Updated: May 7, 2022
Written by Stephanie Meador
It was quite a relief to get some assistance with this whole process after having failed so spectacularly. Thankfully we now had a revised plan, which included breaking down some of the larger steps that weren’t working into several smaller ones, which were much more feasible.
The very first thing we needed to do was to go back to the last step where all the cats were comfortable. In this case, it would be having them divided by a baby gate. (The newer, more sturdy gate, to be precise.)
We wanted to be a little extra cautious, though, to make sure no fights broke out through the gate, so we wound up pulling out “Old Unreliable” (the wooden baby gate that we’d started off with) and heavily reinforced it with bungee cords like we had before, and put it a few steps down from the other gate. We once again had a“no mans land” on the stairs. Renee, however, had different plans. She was determined not to relinquish any of her turf. When I found her between the two gates mere hours into the redeployment of the wooden gate, I knew we had a problem. I put her back and waited to see just how she’d circumvented our barrier. Thinking it would take some time for her to do this again, I pulled up some funny animal videos to watch while waiting, which just happened to have the Mission Impossible theme playing to them. Within minutes (with the M.I. music still playing in the background), she was scaling the gate and was almost immediately over it. She had figured out how to get her paws in the little metal wire mesh grating and pull herself up and over. While it was a “facepalm” moment for us, it was also quite hilarious and provided some well-needed laughter. After she did it a few more times within the hour, we knew it was all for naught. It looked like we were going back to just one gate after all and hope for no slap fights between the bars.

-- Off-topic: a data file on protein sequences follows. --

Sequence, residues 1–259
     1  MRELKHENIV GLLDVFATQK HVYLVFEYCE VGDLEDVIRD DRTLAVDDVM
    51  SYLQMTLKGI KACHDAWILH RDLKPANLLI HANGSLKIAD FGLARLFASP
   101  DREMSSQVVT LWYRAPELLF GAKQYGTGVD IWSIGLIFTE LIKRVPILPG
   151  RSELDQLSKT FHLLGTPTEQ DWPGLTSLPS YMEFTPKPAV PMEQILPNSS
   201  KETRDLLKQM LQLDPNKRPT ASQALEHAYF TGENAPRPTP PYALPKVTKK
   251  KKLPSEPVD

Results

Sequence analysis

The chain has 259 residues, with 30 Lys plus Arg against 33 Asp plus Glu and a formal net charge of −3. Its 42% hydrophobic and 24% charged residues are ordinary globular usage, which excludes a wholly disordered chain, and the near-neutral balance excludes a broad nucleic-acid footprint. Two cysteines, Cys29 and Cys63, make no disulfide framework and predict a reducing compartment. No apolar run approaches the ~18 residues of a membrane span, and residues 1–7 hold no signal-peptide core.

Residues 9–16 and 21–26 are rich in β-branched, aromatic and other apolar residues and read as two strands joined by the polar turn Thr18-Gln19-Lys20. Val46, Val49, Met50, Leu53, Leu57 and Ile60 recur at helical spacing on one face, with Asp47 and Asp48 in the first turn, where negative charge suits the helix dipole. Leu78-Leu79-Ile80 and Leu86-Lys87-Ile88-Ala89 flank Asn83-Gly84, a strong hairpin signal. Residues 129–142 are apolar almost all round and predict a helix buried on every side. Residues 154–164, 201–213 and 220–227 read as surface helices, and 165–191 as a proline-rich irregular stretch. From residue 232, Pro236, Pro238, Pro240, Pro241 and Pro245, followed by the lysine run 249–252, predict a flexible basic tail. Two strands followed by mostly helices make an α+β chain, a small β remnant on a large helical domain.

We let the cats have a couple of days with the one gate - Now referred to as “Checkpoint Charlie” in our house - between them again to help them calm down and get back to normal. After that short reprieve, we were ready to attempt to move forward again. This time though, rather than just removing the barrier and expecting everyone to roam free with love, rainbows, and unicorns, we had a much more practical approach. We’d learned that we could break down the step of going from barrier to no barrier into smaller steps, which would hopefully make the transition process go more smoothly. Also, we were now only focusing on Binx and Renee. Getting Sophie on board would come later. Sophie fully approves of this plan, as she wants nothing to do with either of them anyway.
Step one of our new plan began with supervised playtime, across the room from each other, with no barrier, starting at 10 minutes at a time. We’d bring (or lure) Binx and Renee into a neutral room (one neither was territorial of), keep them far apart and keep them each occupied in a positive way, like playing with wand toys, treats, pets, etc. Basically, if we could get them in the same space, keeping them busy with positive stuff, they’d hopefully start to learn that good things happen when the other cat is around. It took some trial and error on our part, but we made it work. For instance, as we were progressively getting them closer to each other, one of the things I’d noticed was that Binx was more hesitant to play. I couldn’t figure out why he was so apprehensive about playing around Renee when she wasn’t being aggressive towards him. When I took a moment to step back and look at the situation, it finally dawned on me. He’s not used to having two humans hovering over him, both vigorously swishing around wand toys. It wasn’t Renee that was stressing him out, so much as it was us. I decided to test out this theory, and we both sat down on the floor, and used only one wand toy, a bit more slowly, (like how we usually play with him), and go figure, it worked.
From 10 minutes of time, and across the room from each other, we would gradually increase the time they were together and shorten the distance between them. Some days they didn’t show any interest in playing, so we just let them chill out during the “barrier-free” time. Having taken the one step that we couldn’t get past, and turning it into multiple smaller steps has really made all the difference.